The market was left slightly underwhelmed by Cognex's (NASDAQ:CGNX) recent first-quarter earnings report. The results themselves were good, and the second-quarter outlook was good, but the full-year outlook in Cognex's biggest industry, consumer electronics, could have been better.
Still, there was some positive news on Cognex's other end markets. Does it all add up to make the stock a buy?
Cognex's first quarter
The company's recent earnings resulted in the highest revenue and earnings for a first quarter in the company's history. Revenue rose a whopping 43% from the same period last year to $239 million. Moreover, management expects revenue of $250 million to $270 million in the second quarter, representing year-over-year sales growth of 54%. Clearly, Cognex is recovering strongly from the pandemic-hit year of 2020.
Still, if it's priced like a growth stock, then it should behave like a growth stock, and investors were left slightly disappointed by CEO Robert Willett's guidance on Cognex's consumer electronics end market. "For 2021, we believe revenue for consumer electronics will be modestly below the level we reported last year," he said. For reference, Cognex's big quarters for consumer electronics tend to be in the second and third quarters as companies gear up for production in the fourth quarter. That's why the outlook on the first-quarter earnings call in May tends to set the tone for the year.
Why investors shouldn't worry too much
The outlook for lower consumer electronics sales in 2021 is not what you would usually expect from a growth company, and it raises fears that the company's long-term growth might not be quite what the market is expecting.
However, it's worth taking a step back and putting it all into context. I have the following four points for consideration:
First, Cognex's consumer electronics revenue always bounces around, so the guidance for 2021 should definitely not be taken as some trend. Cognex's machine vision solutions are used to "guide, identify, gauge, [and] inspect" automated processes.
Cognex's consumer electronics revenue is largely subject to the timing of the capital spending plans of its major customers. Some of them include smartphone manufacturers using machine vision to monitor the fitting of screens on mobile phones. As such, it's natural to expect some volatility. Indeed, consumer electronics revenue rose 30% in 2020 as manufacturers geared up for production, and they will likely grow strongly again in the future as customers prepare for new products.
Second, the company has introduced three new product platforms in 2021, and they are likely to open up new markets. The In-Sight 3D-L4000 smart camera system is viewed as a "breakthrough product" that will expand Cognex in the industrial 3D vision market. Management believes Cognex currently has a 5% share of a 3D market worth some $400 million. Meanwhile, a new generation of Dataman handheld barcode readers has been released. Finally, Cognex Edge Intelligence is a new solution that analyzes the huge number of images produced by Cognex's machines.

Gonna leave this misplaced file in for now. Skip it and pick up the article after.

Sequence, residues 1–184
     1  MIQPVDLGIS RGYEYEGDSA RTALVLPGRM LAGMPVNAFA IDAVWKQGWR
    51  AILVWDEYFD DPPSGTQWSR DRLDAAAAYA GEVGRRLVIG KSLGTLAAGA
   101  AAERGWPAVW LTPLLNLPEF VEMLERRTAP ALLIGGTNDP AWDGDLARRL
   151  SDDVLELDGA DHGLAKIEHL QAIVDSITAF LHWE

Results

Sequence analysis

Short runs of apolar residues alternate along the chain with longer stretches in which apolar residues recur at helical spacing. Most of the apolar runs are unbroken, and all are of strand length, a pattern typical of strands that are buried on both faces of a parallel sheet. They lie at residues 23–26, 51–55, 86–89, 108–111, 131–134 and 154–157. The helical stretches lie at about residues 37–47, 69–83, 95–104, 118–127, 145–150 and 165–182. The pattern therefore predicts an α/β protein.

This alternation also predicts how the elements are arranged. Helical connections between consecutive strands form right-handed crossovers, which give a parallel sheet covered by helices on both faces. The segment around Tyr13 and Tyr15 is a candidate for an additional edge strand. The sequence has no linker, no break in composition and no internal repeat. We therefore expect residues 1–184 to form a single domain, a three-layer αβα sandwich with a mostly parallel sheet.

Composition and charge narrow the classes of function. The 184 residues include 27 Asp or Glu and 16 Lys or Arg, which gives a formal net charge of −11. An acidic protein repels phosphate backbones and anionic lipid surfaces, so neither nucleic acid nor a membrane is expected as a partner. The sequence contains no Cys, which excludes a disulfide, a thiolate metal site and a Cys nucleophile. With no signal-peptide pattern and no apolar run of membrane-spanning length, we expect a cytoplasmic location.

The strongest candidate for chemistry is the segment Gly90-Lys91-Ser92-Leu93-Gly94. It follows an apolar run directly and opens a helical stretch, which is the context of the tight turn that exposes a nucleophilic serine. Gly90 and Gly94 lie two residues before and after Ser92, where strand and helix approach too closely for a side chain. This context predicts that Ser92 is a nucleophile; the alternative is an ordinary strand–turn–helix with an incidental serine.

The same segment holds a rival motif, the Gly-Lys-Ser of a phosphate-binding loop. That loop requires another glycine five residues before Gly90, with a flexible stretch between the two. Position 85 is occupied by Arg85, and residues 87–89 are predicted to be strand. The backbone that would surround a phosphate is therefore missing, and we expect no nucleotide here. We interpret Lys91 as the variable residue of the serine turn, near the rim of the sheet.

Logistics and automotive
Third, the logistics market is on fire thanks to the surge of investment in e-commerce due to lockdown measures accelerating the growth of online shopping. Management thinks it can grow its logistics revenue by 50% a year, and the estimated addressable market is $1 billion. Fortunately, there's no sign of the market slowing down, and the torrid rates of growth mean that, for the first time, logistics was Cognex's biggest end market in the quarter.
Fourth, there are real signs that Cognex's automotive-based revenue can grow strongly as manufacturers shift investment toward electric vehicle production lines. It's always concerning when an industry makes a structural shift, and that's what appears to be happening right now around the investment patterns of the automotive manufacturers.
Willett noted that, " ... we've seen the automotive business globally accelerate faster than we expected in recent months and particularly around electric vehicles. ... And the investment is more around electric vehicles, and we're also seeing some larger capital projects coming in."
These comments indicate that Cognex's machine vision solutions will be at least as important to electric vehicle production as they are to internal combustion engine production. That's a great sign for the future.
Is Cognex a buy?
Cognex faces some near-term headwinds -- the semiconductor shortage is constraining automotive production, and consumer electronics is set for lower revenue in 2021. Still, the long-term outlook continues to be bright, and Cognex is set for 22% revenue growth in 2021 overall.
All told, the stock continues to look like a good investment option for long-term investors, but it's not a stock for the impatient or those who can't handle volatility.